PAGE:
As sure as the as the sun rises, water is wet, or cats will chose exactly the most inappropriate moment to start doing something, the tech blogging world is once again up in arms over something Apple has done.
We’ve had ‘Antennagate’, ‘Locationgate’, and now we have what must inevitably be called ‘PublishingRightsgate’, because the American media always attach the ‘gate’ suffix to things when they want them to sound serious (the British media just adds the word ‘scandal’ in as big and bold lettering as they can, and will usually find some woman in a low-slung top to personify the whole thing).
The story is this: anyone using Apple’s newly-announced iBooks Author app to create a book is limited to selling that book through Apple’s own iBookstore (‘iBookstore’ still looks like an overly cluttered word to me. It should be iBooks Store, as in iTunes Store or App Store. Crap, now I’ve written ‘store’ too many times and it doesn’t look like a real word anymore. Where was I? Oh yes, iBooks Author). You can only sell your book through Apple; you can’t also sell it through Amazon’s competing Kindle bookstore.
Overlooking the current technical issue that the iBook format iBooks Author will export is not compatible with anything other than Apple’s own iBooks 2 app (although as it is all built with open standards there is the possibility of someone building a compatible reader for another platform), the concern is that Apple are once again restricting what people can do with their technology. It is akin, as some have put it, to Microsoft restricting what you can do with your Word documents.
Except, of course, that it isn’t.
There are numerous word processors out there. Most are, in one way or another, interoperable. The Word .doc file format is an industry standard.
For iBooks, Apple have spent the time and money to develop a new platform, and built an incredibly powerful tool to produce material for that platform, which they are giving away for free. Now, I may not have done Business Studies at school, but even I know that that, in and of itself, is not a solid business plan. The money has to come from somewhere. To do this, Apple are ensuring that if you are going to charge for your work, that you let them have a cut of the profits. If you are planning on giving the book away for free, you can do what you like with it; email it, put it on a website, upload it to a USB drive and throw it in the bin, whatever. Apple don’t want to people to be using their own software to benefit their competitors.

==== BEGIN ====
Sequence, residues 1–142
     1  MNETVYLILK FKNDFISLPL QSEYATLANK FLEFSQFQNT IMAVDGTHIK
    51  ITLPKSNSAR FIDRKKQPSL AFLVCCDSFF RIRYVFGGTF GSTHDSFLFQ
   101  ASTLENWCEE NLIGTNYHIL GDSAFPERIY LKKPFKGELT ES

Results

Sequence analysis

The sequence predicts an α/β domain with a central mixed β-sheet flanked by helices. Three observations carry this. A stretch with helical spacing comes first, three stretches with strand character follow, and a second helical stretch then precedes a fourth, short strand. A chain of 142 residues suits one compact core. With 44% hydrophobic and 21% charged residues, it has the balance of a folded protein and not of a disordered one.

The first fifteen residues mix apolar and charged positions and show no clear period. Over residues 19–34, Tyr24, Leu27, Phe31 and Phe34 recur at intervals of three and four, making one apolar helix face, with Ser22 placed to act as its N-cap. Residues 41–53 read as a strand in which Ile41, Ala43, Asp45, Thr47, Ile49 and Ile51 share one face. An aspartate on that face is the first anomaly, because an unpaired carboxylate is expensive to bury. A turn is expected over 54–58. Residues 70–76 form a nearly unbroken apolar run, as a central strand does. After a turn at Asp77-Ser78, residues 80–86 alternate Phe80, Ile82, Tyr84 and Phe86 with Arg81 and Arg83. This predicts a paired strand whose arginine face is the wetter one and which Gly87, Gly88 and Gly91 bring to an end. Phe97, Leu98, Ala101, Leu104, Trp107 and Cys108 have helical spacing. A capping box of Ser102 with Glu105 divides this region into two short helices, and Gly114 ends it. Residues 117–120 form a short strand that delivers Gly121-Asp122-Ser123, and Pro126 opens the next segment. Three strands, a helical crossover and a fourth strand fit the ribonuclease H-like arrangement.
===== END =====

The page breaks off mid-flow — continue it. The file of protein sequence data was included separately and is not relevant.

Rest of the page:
The overreactions from most of the blog world seem to revolve around authors losing the rights to their books. This is nonsense, and here’s why:
The contentious article of the iBooks licensing agreement reads thus:
B. Distribution of your Work. As a condition of this License and provided you are in compliance with its terms, your Work may be distributed as follows:
(i) if your Work is provided for free (at no charge), you may distribute the Work by any available means;
(ii) if your Work is provided for a fee (including as part of any subscription-based product or service), you may only distribute the Work through Apple and such distribution is subject to the following limitations and conditions: (a) you will be required to enter into a separate written agreement with Apple (or an Apple affiliate or subsidiary) before any commercial distribution of your Work may take place; and (b) Apple may determine for any reason and in its sole discretion not to select your Work for distribution.
Earlier in the agreement, the meaning of “Work” is also clarified:
If you charge a fee for any book or other work you generate using this software (a “Work”), you may only sell or distribute such Work through Apple (e.g., through the iBookstore) and such distribution will be subject to a separate agreement with Apple.
Apple clearly state that a “Work” – that is, the product that they are exerting control over in section B of the agreement – is whatever is created by the iBooks Author software. What it is not doing, however, is staking a claim on the content of the book. In other words, there is nothing stopping you from creating a copy of the book with another publishing tool and selling it in another online retailer. The downside is that such a book might not be quite as full-featured as anything made in the Apple Software.
So, to sum up this current furore: Apple have spent who knows how long building a new textbook platform and a highly engineered publishing tool to facilitate said platform, and provided it for free, and all they ask in return is that if you create any books with the tool that they have a cut of any profits and are exclusive to their platform – despite the format not being compatible with any other platforms. You are still free to make and sell the same book with another tool or service – even as an app in the App Store – and you don’t lose the copyright to your book or its content.
And this is bad, apparently.